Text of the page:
How to manage the household budget

Creating and maintaining a household budget ensures that money goes where it’s meant to. Just as importantly, when households adhere to a budget and incorporate a savings goal into their financial plans, they are far more likely to achieve their aspirations faster.

There are no one-size-fits-all rules when it comes to managing household budgets. Every family and a householder have different needs and financial expectations. But it’s important to make sure these objectives are aligned.

The fine line of balancing the books while maintaining a healthy lifestyle and accounting for occasional budgetary blowouts can be a challenge. But help is at hand.

Expert advice

Official sources firstly suggest recording your income, in terms of ‘how much’; ‘where from’; and ‘how frequently’ payments are received. 

Categorise and add up your expenses. For example, ‘fixed expenses’ include rent or mortgage payments; electricity, gas and phone bills; council rates, household expenses, such as food and groceries; medical costs and insurance; transport costs, like car registration or public transport; family costs, including baby products, child-care, school fees and sporting activities.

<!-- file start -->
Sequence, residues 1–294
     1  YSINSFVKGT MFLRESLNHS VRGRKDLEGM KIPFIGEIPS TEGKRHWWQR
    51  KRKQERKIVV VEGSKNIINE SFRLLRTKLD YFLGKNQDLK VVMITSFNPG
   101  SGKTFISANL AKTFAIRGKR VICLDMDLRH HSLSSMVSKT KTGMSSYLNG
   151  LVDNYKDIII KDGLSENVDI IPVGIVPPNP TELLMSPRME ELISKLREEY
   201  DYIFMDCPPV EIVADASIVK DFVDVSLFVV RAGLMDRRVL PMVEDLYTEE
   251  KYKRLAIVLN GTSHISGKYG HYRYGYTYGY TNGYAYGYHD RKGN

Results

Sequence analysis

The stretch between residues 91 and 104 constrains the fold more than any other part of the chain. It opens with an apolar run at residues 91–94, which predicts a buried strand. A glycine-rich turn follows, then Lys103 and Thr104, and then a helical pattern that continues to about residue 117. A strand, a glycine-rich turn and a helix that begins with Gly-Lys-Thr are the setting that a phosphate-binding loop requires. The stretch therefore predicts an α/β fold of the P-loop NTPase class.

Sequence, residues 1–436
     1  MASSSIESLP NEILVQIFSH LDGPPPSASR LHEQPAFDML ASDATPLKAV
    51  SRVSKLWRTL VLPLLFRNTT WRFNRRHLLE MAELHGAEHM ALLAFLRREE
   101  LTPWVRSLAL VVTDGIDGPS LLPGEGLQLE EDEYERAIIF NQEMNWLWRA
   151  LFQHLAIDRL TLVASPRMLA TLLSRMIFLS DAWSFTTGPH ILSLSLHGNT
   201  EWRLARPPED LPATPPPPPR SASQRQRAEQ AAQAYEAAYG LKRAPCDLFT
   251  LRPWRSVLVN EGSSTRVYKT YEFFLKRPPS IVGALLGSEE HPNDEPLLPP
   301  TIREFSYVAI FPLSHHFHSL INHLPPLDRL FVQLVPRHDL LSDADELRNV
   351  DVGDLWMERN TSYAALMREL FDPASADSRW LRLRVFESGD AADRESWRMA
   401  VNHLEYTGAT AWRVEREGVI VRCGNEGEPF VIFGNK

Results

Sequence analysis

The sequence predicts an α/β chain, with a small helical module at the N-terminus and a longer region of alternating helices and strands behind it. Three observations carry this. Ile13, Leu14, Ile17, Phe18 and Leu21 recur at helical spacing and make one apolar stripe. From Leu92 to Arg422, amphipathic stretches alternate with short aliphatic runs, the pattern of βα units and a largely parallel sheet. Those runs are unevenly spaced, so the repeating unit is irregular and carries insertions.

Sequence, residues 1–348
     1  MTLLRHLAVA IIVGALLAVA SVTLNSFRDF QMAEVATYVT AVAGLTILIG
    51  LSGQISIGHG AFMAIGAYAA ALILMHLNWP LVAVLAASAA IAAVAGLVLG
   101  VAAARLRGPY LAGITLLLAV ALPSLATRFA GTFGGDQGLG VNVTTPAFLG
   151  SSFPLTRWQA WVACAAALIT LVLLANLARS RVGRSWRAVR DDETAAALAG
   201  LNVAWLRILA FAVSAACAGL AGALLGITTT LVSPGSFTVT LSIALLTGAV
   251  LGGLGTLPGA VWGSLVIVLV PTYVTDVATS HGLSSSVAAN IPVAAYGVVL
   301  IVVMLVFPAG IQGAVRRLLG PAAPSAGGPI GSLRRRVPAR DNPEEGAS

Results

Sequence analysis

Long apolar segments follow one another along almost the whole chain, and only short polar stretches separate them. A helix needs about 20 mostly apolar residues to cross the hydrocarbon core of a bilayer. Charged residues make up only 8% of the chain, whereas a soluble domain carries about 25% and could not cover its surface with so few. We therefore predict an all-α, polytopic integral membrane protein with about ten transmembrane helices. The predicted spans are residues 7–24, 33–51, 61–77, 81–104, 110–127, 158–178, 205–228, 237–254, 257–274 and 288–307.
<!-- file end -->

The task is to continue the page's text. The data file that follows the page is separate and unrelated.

Debt expenses, for example, include but are not limited to: personal loan repayments; credit card payments; and mortgage repayments.

Always account for unexpected expenses. Some of these could be car repairs and services; medical bills; extra school costs; and pet costs.

Set your spending limit

The money you have left after expenses are your spending and saving money.

Your spending money is for ‘wants’, such as entertainment, eating out and hobbies.

Plan for what you want to do with your spending money. This will help you to see where it goes and keep within your spending limit.

Savings goals

If you have a savings goal, you can use your budget to work towards it.

Once you know how much money you have for ‘wants’, you can work out how much of it you’d like to save. 

Having some savings can create a safety net for unexpected expenses. Even a small amount set aside regularly will make a difference.

Adjust your budget

Your budget needs to work for you and your lifestyle, so it’s important to adjust your budget as things change. 

For example, if your expenses start to increase, you may need to reduce your spending or change your savings goal. Or you might be able to save more if you get a pay rise or you pay off some debt.

Remember that saving rather than splurging when excess accrues is crucial to keeping your finances in order. Seek financial guidance if you’re having difficulty managing the books.

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